A new arms race appears to be kicking off between the United States and Russia, and a national defense analyst says Russia has been cheating for years.
The United States has announced plans to test a new missile in coming weeks that would have been prohibited under the 32-year-old Intermediate-range Nuclear Forces treaty.
President Ronald Reagan and Soviet leader Mikhail Gorbachev signed the INF treaty in 1987, and now the U.S. is blaming Moscow for the end of the treaty after Russia developed prohibited weapons.
"Russia is solely responsible for the treaty's demise," Secretary of State Mike Pompeo said in a statement released last week.
The U.S. has been asking Russia since 2013 to comply, he said, and President Donald Trump determined in early 2019 that Russia was in material breach of the treaty.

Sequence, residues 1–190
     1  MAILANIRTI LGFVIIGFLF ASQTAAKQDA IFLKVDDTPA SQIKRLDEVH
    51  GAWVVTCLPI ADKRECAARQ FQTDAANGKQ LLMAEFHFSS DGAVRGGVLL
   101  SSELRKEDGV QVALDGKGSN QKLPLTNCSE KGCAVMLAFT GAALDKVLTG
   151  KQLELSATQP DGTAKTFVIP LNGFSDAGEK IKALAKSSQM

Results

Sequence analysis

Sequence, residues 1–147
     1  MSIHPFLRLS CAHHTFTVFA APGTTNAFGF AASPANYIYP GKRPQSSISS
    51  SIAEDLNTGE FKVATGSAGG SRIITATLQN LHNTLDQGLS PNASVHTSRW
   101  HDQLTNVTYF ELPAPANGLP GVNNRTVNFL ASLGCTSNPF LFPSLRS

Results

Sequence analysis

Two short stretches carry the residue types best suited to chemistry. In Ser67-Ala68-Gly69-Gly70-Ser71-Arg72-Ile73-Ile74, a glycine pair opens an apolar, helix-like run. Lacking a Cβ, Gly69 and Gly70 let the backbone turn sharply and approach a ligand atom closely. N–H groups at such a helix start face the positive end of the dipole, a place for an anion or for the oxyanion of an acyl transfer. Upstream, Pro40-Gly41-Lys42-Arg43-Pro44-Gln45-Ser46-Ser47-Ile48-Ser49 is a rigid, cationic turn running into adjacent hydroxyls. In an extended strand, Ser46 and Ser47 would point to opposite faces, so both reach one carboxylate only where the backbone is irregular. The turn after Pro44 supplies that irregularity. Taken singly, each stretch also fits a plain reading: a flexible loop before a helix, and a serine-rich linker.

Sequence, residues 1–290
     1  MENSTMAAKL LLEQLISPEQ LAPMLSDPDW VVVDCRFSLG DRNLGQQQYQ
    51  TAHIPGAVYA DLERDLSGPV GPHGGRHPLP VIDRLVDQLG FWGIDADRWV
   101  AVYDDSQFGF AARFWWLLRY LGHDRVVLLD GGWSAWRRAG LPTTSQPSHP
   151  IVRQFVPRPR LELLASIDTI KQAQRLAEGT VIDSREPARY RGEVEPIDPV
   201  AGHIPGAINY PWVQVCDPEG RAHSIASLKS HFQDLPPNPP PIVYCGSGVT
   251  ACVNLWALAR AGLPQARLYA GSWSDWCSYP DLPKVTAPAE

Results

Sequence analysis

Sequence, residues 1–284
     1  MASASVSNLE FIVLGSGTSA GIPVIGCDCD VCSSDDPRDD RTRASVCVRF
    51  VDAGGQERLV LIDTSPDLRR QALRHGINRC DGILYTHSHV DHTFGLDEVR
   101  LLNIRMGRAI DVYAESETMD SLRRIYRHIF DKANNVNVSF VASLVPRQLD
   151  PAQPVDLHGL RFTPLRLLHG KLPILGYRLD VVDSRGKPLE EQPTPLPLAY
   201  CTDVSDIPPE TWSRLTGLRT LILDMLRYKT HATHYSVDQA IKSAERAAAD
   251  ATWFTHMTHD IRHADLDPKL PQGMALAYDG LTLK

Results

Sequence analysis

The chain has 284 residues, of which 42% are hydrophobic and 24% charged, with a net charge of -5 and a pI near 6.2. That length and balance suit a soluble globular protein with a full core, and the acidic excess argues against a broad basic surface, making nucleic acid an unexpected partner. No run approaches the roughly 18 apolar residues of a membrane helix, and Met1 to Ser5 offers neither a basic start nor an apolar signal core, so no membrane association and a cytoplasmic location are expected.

Russia predictably blamed the U.S. but the Pentagon has watched for years as Russia violated the terms of the treaty, The Associated Press reported.
China is reportedly making similar non-compliant weapons, leaving the U.S. alone in complying with the aging arms control pact.
Bob Maginnis, senior fellow for national security at the Family Research Council, says the Obama administration was calling out Russia for failing to abide by the range restrictions in the treaty.
“We've found the Russians have been using platforms that have multiple thousands of miles capability,” he advises, “and they were limited to only 500 miles."
So what is left, Maginnis explains, is the larger Strategic Arms Reduction Treaty, or START, which expires in 2021.
“That has to involve the Chinese,” he tells OneNewsNow. “Our strategic command has made it clear that they've been doubling down on the production of nuclear weapons over the last decade. So these are issues of some gravity."
The INF treaty led to the destruction of 2,692 U.S. and Soviet-era nuclear and convenional ballistic and cruise missiles, the AP reported.